The 13-year-old from Hawaii then gets a two-week break before going to Korea for the Sports Today CJ Nine Bridges Classic, which will be her seventh and final LPGA Tour event of the year.
Including her appearance on the Canadian Tour, Wie will have played nine professional tournaments this year.
What does next year hold?
Wie has lobbied for a sponsor's exemption into the Sony Open in January, where last year she shot a 73 in the Monday qualifier and missed by seven shots.
'I've been talking to committee members,' said her father, B.J. Wie. 'They're still taking her under consideration. They told me they would make a decision in November.'
Wie can forget about playing in the other Hawaii tournaments. The Mercedes Championships on Maui is only for PGA Tour winners, while the Grand Slam of Golf at Poipu Bay is for winners of the four majors.
'The Grand Slam will be tough,' B.J. Wie said. 'Maybe she can play in the pro-am.'
FATHER LEONARD: Justin Leonard was four shots out of the lead at the John Deere Classic when he got the phone call he wasn't expecting for another few weeks - his wife had gone into labor.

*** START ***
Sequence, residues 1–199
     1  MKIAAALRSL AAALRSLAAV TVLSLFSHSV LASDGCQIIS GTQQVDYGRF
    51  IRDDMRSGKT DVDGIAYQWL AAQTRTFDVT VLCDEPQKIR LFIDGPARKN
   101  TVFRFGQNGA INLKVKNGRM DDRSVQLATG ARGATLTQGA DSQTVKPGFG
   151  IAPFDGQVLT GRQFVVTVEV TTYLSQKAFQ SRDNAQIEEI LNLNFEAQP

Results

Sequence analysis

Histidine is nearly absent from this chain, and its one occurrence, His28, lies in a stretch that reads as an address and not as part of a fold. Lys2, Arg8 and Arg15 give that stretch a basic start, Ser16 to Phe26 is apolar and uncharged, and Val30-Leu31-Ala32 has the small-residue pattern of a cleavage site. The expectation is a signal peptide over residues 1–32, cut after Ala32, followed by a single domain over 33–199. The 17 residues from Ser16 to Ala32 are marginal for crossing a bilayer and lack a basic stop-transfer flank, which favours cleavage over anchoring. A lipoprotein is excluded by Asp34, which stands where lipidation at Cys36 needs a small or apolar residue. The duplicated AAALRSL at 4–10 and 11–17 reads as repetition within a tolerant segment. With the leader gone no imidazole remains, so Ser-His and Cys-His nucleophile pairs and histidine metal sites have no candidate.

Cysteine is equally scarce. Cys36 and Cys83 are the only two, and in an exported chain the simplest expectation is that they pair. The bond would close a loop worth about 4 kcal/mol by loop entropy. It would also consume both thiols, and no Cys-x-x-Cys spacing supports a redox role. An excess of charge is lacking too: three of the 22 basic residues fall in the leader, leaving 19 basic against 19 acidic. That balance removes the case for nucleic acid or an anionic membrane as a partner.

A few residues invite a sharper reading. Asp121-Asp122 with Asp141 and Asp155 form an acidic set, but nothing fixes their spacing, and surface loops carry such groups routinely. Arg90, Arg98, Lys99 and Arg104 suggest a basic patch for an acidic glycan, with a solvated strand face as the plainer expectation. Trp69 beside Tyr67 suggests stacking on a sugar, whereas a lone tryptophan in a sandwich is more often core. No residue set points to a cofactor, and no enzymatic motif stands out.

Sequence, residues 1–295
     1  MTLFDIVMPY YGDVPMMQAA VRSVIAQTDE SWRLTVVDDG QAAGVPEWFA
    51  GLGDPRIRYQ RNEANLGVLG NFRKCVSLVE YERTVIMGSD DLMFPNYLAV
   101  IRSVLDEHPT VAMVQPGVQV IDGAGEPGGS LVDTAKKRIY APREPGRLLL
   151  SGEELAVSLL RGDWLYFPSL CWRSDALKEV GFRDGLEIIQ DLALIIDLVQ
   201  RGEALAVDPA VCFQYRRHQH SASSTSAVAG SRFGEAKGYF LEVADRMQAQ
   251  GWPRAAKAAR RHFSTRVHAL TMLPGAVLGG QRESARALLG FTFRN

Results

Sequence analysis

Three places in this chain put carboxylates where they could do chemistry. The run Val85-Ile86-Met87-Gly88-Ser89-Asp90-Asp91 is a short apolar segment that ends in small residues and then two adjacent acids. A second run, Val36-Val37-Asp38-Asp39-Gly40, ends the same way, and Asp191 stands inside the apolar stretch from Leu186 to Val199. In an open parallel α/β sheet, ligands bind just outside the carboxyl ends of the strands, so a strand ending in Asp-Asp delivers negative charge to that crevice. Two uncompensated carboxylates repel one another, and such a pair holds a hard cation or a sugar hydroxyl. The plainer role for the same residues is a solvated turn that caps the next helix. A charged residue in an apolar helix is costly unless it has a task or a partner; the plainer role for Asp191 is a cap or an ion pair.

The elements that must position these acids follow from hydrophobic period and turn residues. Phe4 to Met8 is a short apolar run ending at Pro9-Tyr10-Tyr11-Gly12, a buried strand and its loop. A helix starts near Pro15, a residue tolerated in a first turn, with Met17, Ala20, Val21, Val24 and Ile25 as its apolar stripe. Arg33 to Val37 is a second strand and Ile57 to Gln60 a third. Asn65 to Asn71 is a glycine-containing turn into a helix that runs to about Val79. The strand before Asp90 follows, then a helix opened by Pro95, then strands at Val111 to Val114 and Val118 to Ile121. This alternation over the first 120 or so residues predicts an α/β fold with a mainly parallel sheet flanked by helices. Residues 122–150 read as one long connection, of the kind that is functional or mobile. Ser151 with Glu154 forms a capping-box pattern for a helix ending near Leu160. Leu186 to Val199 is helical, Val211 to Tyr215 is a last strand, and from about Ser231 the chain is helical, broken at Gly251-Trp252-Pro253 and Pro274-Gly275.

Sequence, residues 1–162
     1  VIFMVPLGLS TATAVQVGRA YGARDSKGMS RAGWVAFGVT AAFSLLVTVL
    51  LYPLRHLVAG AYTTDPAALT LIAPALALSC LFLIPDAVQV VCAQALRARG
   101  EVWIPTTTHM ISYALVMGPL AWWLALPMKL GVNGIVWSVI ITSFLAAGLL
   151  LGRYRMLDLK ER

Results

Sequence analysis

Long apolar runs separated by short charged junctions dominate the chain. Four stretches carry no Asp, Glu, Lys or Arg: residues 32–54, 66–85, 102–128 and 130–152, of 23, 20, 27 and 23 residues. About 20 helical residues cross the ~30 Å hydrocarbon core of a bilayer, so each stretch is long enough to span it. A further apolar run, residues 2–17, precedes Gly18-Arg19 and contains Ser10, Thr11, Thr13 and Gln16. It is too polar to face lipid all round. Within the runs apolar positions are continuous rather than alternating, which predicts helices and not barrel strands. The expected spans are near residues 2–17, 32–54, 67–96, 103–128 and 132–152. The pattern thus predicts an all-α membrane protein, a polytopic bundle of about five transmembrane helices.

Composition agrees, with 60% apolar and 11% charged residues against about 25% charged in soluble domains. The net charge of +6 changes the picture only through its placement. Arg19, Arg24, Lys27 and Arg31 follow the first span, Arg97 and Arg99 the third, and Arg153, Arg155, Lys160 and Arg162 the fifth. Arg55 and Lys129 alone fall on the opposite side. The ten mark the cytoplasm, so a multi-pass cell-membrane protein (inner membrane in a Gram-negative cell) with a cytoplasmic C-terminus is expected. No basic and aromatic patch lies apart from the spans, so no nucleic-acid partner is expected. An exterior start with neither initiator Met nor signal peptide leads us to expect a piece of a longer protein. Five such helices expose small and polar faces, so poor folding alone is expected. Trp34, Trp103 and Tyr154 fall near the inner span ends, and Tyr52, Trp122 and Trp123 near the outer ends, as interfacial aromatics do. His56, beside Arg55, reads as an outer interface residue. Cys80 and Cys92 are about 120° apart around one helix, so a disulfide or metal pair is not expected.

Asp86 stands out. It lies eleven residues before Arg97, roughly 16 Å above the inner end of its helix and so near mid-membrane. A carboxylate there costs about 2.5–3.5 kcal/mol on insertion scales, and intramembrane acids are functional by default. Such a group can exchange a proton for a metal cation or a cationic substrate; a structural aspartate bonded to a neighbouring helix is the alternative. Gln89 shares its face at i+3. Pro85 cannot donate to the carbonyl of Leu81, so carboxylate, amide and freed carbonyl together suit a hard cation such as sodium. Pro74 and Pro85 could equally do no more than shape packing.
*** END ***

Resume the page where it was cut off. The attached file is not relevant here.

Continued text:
Leonard chartered a jet out of Moline, Ill., at 1 a.m. Sunday, arrived in Dallas at 3:30 a.m. and headed straight for the hospital. His daughter, Reese, was born about seven hours later, weighing 6 pounds, 9 ounces.
'What an amazing process and a true miracle to witness,' Leonard said.
He is skipping the Texas Open, which he won two years ago.
SERENA AND SORENSTAM: Serena Williams and Annika Sorenstam are the most marketable female athletes in The Sports Business Daily's survey of top marketing and advertising executives.
The athletes were given five points for a first-place vote through one point for a fifth-place vote.
Williams received 34 out of 55 first-place votes and finished with 219 points, while Sorenstam got 12 first-place votes and received 156 points. Mia Hamm, who finished first when the weekly magazine last conducted this survey in 1998, had four first-place votes and received 124 points.
The only other golfer in the top 10 was Michelle Wie, the 13-year-old amateur from Hawaii, who got 19 points.
DIVOTS: Annika Sorenstam will start next season Down Under when she plays in the Australian ANZ Ladies Masters the last weekend in February. Sorenstam last won the tournament in 2002, beating Karrie Webb in a four-hole playoff. ... Brad Faxon will be making his UBS Cup debut this year. Also playing for the U.S. team are Tom Watson, Curtis Strange, Mark O'Meara, Raymond Floyd, Hale Irwin and Craig Stadler. Six players are 40-49, while the other six are 50 and older. The Rest of the World team will include Nick Faldo, Barry Lane and Rodger Davis. ... The LPGA Tour stop in Oklahoma has a new name (John Q. Hammons Classic) and a new location. It is leaving Tulsa CC for nearby Cedar Ridge.